Survey: Most Latvian teenagers are not taught media literacy at school

Most students say schools do not teach how to verify information on the Internet, a recent survey by the Latvian Safer Internet Center shows. Maija Katkovska, head of the center, told Latvian Television about the results December 8.

1,000 children and adolescents aged 11 to 17 were surveyed in Latvia. Altogether, more than 5,000 teens in the Baltic States, Finland, and Sweden participated in the study.

The survey findings show that a third or 34% of children and young people in Latvia often face false information in the Internet environment. Nearly half, or 47% of respondents, say that they face such information sometimes. Most commonly it is clickbait and in most cases it is gossip about famous people. 62% of the respondents said they sometimes checked the information before sharing it, 28% did it often, whereas 10% said they never did.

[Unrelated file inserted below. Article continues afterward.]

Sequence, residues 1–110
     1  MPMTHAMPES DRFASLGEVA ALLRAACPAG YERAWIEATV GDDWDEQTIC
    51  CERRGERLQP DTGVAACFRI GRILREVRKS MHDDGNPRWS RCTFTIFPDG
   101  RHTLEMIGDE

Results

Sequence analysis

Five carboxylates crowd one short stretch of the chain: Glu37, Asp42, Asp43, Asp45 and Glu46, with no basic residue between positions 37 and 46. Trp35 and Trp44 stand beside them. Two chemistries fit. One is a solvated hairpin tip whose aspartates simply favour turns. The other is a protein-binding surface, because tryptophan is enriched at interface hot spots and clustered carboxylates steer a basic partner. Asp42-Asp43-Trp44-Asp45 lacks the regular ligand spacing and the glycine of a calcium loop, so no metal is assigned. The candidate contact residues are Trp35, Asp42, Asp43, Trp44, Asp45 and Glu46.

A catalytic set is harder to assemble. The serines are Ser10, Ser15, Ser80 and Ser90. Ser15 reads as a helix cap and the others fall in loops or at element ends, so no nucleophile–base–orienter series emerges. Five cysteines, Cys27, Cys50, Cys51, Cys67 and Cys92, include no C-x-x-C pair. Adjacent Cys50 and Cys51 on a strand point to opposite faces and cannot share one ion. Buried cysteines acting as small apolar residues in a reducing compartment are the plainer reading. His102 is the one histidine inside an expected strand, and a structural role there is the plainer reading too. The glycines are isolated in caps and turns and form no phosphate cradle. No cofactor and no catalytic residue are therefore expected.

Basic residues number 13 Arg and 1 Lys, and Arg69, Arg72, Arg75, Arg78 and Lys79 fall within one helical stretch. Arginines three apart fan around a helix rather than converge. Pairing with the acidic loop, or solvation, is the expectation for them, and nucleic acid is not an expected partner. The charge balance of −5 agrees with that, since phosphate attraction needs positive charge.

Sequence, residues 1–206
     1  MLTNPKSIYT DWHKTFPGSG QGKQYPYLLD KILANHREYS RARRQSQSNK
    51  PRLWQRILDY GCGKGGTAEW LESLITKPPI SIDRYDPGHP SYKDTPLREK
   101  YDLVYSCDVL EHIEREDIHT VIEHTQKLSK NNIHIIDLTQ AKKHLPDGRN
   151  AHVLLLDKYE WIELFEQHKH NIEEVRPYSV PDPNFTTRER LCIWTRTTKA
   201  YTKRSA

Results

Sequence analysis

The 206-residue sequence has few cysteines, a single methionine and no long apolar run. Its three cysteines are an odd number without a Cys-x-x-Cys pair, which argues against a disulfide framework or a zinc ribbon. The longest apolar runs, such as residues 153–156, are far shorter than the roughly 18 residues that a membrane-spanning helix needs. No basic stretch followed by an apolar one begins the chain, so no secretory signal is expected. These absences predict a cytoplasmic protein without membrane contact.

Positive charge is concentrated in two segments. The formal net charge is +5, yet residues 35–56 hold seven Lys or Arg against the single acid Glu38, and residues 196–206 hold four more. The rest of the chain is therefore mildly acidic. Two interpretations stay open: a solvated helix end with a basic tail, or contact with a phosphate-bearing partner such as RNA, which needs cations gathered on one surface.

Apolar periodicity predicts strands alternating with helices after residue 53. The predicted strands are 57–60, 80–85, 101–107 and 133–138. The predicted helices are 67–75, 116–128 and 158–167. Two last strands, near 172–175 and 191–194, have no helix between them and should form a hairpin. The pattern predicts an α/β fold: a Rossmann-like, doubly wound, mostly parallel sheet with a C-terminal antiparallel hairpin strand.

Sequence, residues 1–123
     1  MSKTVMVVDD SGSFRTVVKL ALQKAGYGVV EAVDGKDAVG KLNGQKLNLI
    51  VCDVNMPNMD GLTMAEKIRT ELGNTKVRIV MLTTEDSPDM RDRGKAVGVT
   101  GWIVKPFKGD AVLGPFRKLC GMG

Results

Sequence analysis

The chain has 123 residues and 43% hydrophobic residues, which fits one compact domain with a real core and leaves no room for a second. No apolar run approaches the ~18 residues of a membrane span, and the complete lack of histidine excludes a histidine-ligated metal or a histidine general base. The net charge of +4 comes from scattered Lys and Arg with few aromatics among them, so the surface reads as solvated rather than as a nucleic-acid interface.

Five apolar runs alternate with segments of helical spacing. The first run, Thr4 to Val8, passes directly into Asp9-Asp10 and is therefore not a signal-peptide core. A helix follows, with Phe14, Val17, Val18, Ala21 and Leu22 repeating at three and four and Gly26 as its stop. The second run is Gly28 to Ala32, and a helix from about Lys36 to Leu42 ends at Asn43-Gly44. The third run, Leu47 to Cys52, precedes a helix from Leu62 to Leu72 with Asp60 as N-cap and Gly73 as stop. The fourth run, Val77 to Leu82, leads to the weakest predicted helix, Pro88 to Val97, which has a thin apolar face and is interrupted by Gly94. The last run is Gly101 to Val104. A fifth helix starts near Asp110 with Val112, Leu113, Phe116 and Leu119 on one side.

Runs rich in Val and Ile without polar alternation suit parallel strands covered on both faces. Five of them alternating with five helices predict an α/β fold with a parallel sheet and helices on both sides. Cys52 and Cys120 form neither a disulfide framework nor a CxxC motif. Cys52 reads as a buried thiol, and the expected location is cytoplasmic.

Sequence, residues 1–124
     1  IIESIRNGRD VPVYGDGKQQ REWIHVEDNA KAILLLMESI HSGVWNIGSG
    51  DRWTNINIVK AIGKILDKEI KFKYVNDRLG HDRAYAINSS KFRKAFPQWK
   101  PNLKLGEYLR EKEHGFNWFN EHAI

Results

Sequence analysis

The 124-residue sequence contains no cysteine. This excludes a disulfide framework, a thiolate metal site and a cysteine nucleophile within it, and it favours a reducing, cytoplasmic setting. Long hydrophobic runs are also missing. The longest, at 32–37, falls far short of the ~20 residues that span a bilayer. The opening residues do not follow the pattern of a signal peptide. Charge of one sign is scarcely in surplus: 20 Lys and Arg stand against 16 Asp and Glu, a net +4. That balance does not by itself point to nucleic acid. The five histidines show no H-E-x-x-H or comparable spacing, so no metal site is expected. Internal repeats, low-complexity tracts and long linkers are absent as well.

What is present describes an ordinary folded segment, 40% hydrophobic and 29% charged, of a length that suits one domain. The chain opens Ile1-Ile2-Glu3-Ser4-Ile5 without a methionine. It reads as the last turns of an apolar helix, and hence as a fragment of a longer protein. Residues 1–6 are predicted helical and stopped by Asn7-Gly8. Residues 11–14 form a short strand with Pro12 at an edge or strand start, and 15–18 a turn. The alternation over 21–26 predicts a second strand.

Nearly half of the Latvian respondents (45%) said they trusted Wikipedia as a reliable source of information, however, only 39% said they trusted news portals. For comparison, in Finland and Sweden, children trust news portals significantly more, while social media – significantly less than in Latvia.

A key role in the fight against misinformation lies on the parents, as 64% of the surveyed children trust parental opinion, the results show.

More than half, or 57% of children, say they haven't been taught at school how to verify information on the Internet. This figure, among the surveyed countries, was only higher in Lithuania at 63%. For comparison, only 29% of the respondents claimed to not have been taught about it at school in Sweden. 

Half of the Latvian respondents (51%) think their school teaches enough about reliable information on the Internet, whereas 49% think the opposite.

The study was conducted in Latvia with the support of Telia Latvija.

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